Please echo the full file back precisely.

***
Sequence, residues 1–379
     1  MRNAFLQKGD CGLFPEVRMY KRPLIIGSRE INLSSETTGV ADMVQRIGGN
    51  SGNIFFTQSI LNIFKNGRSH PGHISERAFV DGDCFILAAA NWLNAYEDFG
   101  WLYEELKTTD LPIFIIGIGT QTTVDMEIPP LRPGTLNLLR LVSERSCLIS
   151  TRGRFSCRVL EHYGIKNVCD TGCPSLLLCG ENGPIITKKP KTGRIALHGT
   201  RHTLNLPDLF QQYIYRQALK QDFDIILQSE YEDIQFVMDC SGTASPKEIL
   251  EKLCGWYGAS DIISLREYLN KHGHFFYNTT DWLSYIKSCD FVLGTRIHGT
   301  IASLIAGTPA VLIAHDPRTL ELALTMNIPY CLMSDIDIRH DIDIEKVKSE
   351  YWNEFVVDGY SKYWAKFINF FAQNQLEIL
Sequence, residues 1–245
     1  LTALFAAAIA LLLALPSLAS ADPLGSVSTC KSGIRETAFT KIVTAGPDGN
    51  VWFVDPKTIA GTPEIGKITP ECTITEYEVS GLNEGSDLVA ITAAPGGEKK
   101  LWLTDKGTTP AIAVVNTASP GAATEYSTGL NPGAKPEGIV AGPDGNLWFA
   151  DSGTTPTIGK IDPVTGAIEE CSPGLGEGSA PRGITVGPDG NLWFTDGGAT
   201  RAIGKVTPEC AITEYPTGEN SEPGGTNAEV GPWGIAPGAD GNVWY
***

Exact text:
Sequence, residues 1–379
     1  MRNAFLQKGD CGLFPEVRMY KRPLIIGSRE INLSSETTGV ADMVQRIGGN
    51  SGNIFFTQSI LNIFKNGRSH PGHISERAFV DGDCFILAAA NWLNAYEDFG
   101  WLYEELKTTD LPIFIIGIGT QTTVDMEIPP LRPGTLNLLR LVSERSCLIS
   151  TRGRFSCRVL EHYGIKNVCD TGCPSLLLCG ENGPIITKKP KTGRIALHGT
   201  RHTLNLPDLF QQYIYRQALK QDFDIILQSE YEDIQFVMDC SGTASPKEIL
   251  EKLCGWYGAS DIISLREYLN KHGHFFYNTT DWLSYIKSCD FVLGTRIHGT
   301  IASLIAGTPA VLIAHDPRTL ELALTMNIPY CLMSDIDIRH DIDIEKVKSE
   351  YWNEFVVDGY SKYWAKFINF FAQNQLEIL
Sequence, residues 1–245
     1  LTALFAAAIA LLLALPSLAS ADPLGSVSTC KSGIRETAFT KIVTAGPDGN
    51  VWFVDPKTIA GTPEIGKITP ECTITEYEVS GLNEGSDLVA ITAAPGGEKK
   101  LWLTDKGTTP AIAVVNTASP GAATEYSTGL NPGAKPEGIV AGPDGNLWFA
   151  DSGTTPTIGK IDPVTGAIEE CSPGLGEGSA PRGITVGPDG NLWFTDGGAT
   201  RAIGKVTPEC AITEYPTGEN SEPGGTNAEV GPWGIAPGAD GNVWY